“Damnation, Emerson,” I exclaimed. “Wait for me!”

He had already proceeded into the short passage that led to the chamber. The roof was low; he would have to bend over, which would put his head at a particularly convenient level – convenient for a blow, that is – when he emerged. I dropped my parasol into the shaft and descended the ladder. Snatching up the parasol, I proceeded quickly into the passageway.

There was light at the end of it, but I could hear nothing, which did not lessen my anxiety; already Emerson might be unconscious and bleeding. I removed my little gun from my pocket.

It was plucked from my hand the moment I reached the end of the passage.

“I knew you’d be waving that damned pistol,” Emerson remarked, helping me to rise. “He’s not here, Peabody. He’s been here, though.”

He shone his torch round the small chamber. A pile of rugs, forming a rough pallet, tins of food, jars of water, and… I lifted the saucer that covered one of them. Beer. He had made himself comfortable.

“He has eluded us again,” I said angrily. “How could she have warned him?”

“Obviously he was not in residence,” Emerson replied. “That’s all to the good, Peabody; if he wasn’t here he can’t have seen us. He will come back eventually – it’s a cozy little den, isn’t it? We’ll go for the others and stake the place out. Once I get my hands on that girl I will make certain she cannot warn him.” His large square teeth, bared in a snarl, shone white in the torchlight.

“Let us go,” I said uneasily. “I am not at all comfortable here, Emerson.”

“One of your famous premonitions?” He chuckled, but perhaps he had one, too, for he added, “I’ll go first.”

He waited in the shaft while I crawled through the passage.

The ladder was no longer there.

Before I could stop him, Emerson reached up and gripped the rim of the shaft with both hands. The muscles on his bare forearms tightened as he prepared to pull himself up.

“Watch out!” I shrieked, an instant too late. The heavy stick struck Emerson’s arm, causing him to loosen his grip and fall down. I had heard the bone crack.

A trifle unnerved, I took out my pistol and fired twice. The bullets went ricocheting round the walls. The only response was a laugh. I had heard that laugh before, in the Gabbanat el-Qirud.

“A waste of ammunition,” remarked Emerson, who was sitting on the floor with his back against the wall, cradling his left arm with his right. His face shone with perspiration.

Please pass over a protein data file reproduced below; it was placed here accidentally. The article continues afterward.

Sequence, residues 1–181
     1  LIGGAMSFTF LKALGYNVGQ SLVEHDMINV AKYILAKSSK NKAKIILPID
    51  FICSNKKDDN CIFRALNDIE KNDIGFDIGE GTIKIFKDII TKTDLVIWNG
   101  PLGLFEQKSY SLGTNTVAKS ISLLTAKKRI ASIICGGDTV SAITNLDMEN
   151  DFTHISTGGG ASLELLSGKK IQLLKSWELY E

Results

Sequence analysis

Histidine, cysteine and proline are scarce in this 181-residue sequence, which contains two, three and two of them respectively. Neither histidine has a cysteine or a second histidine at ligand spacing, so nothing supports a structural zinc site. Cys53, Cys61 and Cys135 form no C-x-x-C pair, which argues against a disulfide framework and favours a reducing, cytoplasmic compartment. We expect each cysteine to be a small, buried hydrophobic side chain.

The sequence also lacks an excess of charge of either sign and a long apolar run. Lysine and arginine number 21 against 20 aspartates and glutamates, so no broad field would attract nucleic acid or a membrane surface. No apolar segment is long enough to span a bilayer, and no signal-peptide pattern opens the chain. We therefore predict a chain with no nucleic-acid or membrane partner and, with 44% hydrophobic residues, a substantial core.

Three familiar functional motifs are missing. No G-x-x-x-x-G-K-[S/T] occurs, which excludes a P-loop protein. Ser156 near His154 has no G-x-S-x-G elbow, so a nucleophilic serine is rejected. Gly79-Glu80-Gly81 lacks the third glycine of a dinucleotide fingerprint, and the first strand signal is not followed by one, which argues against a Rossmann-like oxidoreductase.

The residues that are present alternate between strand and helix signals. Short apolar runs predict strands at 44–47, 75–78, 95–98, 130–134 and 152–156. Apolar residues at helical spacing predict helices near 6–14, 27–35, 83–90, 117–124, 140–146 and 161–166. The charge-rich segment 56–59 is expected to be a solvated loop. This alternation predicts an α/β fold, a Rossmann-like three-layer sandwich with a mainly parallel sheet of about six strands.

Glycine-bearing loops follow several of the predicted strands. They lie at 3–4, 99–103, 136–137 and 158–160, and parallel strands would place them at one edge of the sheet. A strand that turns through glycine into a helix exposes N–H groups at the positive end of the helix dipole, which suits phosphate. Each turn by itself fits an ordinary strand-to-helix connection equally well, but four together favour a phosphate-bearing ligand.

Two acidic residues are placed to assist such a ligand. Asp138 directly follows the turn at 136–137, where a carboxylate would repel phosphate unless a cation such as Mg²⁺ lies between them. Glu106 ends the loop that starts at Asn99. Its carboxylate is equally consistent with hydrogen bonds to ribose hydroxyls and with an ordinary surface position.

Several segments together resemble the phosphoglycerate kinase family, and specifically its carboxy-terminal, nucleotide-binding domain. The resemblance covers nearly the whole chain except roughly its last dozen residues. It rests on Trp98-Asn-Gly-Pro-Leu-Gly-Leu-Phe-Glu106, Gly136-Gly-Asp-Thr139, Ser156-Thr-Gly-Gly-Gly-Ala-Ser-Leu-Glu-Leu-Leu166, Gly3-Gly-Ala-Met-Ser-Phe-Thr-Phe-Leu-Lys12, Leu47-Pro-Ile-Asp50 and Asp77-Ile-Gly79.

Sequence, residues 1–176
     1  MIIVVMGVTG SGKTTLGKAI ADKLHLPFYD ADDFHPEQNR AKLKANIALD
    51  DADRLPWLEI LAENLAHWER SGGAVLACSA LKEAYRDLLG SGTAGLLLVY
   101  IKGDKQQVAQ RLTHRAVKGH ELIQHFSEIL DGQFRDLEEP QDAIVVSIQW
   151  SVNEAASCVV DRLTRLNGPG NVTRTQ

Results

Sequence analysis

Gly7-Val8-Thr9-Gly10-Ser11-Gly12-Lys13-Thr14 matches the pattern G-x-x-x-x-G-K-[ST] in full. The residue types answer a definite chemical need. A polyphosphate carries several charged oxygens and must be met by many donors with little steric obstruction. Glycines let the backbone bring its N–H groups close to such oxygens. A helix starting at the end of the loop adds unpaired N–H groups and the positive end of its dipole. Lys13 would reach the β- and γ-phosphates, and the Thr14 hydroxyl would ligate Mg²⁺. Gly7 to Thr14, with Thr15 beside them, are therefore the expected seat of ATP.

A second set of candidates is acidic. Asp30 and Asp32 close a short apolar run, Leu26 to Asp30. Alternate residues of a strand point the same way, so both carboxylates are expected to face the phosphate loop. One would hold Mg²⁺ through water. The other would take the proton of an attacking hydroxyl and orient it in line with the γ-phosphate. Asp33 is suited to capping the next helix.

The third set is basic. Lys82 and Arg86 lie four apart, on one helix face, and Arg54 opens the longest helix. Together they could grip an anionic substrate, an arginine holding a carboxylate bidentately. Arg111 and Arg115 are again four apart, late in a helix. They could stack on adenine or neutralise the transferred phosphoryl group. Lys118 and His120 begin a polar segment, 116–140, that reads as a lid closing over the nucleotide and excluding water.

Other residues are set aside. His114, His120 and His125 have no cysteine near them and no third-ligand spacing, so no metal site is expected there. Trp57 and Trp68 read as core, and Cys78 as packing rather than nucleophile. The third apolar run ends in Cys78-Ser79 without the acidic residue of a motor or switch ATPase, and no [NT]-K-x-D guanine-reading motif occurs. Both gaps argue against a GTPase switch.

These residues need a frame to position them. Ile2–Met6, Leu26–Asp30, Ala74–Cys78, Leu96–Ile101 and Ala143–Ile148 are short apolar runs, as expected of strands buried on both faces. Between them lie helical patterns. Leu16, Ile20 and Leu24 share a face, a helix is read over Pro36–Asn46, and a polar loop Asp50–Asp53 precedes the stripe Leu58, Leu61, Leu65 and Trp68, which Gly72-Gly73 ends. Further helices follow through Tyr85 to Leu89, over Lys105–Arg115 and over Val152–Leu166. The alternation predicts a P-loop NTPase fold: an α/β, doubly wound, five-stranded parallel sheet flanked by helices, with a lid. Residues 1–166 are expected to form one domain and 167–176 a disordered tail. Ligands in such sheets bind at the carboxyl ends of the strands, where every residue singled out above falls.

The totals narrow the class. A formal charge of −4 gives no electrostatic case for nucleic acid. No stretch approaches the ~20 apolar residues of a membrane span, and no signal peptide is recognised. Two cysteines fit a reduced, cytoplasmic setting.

“Don’t move your arm,” I ordered, fumbling with the implements hanging from my belt. “Confound it! From now on I will carry some bits of wood with me. Why did we clear the place so thoroughly? There is nothing to serve as a splint. I will go and -”

“Don’t even think of it, Peabody. I might be able to lift you up with one arm, but as soon as your head is within range, he’ll strike. He’s got us in a pretty pickle, my dear.”

“He cannot stay there all day,” I said, and ducked my head as a rain of small stones descended.

“He appears to have another plan in mind,” Emerson said coolly. More rocks fell, including a fist-sized boulder. It landed on my head, which was quite painful, since I was not wearing my pith helmet. “We had better get back into the tunnel,” Emerson continued.

I rigged up a rough sling with my shirt, fastening it in place with safety pins from my sewing kit. It was the best I could do in a hurry. If we stayed where we were, one of us would be brained by a boulder eventually. It took Jamil a little while to get his next load of rocks collected; we made it into the passage before another shower descended.

“Well!” I said, drawing a deep breath. “Now we have time to think of a plan.”

“Go right ahead,” said Emerson through tightly set lips. “At the moment my mind is a blank.”

“And no wonder, my dear. I am sure you are in considerable pain. Have a little brandy.”

“My discomfort is more mental than physical,” Emerson muttered, but he accepted the brandy and took a long swallow. “ Peabody, this is ridiculous. We’ve been in uglier places before, with opponents far more dangerous than that miserable boy; and yet he’s managed to get us in an exceedingly tight spot. No one knows where we are… except Jumana. Have we been so mistaken in her character? I can’t believe she would connive in murder.”

“No,” I said. “She wouldn’t.” The strained voice, the odd, bent walk… “That wasn’t Jumana, Emerson. It was Jamil.”

7

FROM MANUSCRIPT H

When the citizens of Deir el Medina abandoned their houses they took their most valued possessions with them – except for the most valuable of all, the goods devoutly deposited with the dead. Looking for tombs was a gamble, with approximately the same odds as any game of chance. The great majority of them were empty and vandalized, but every now and then a lucky winner would find a prize, with some of the grave goods still intact, and the grand prize, the unrobbed tomb of a king or king’s wife, was a will-o’-the-wisp that tantalized the imagination of every excavator, whether he admitted it or not. However slim the odds, the temptation to search for treasure was hard to resist, especially when the alternative was a clutter of unimpressive mud-brick walls, or the tedious tasks of measuring and recording.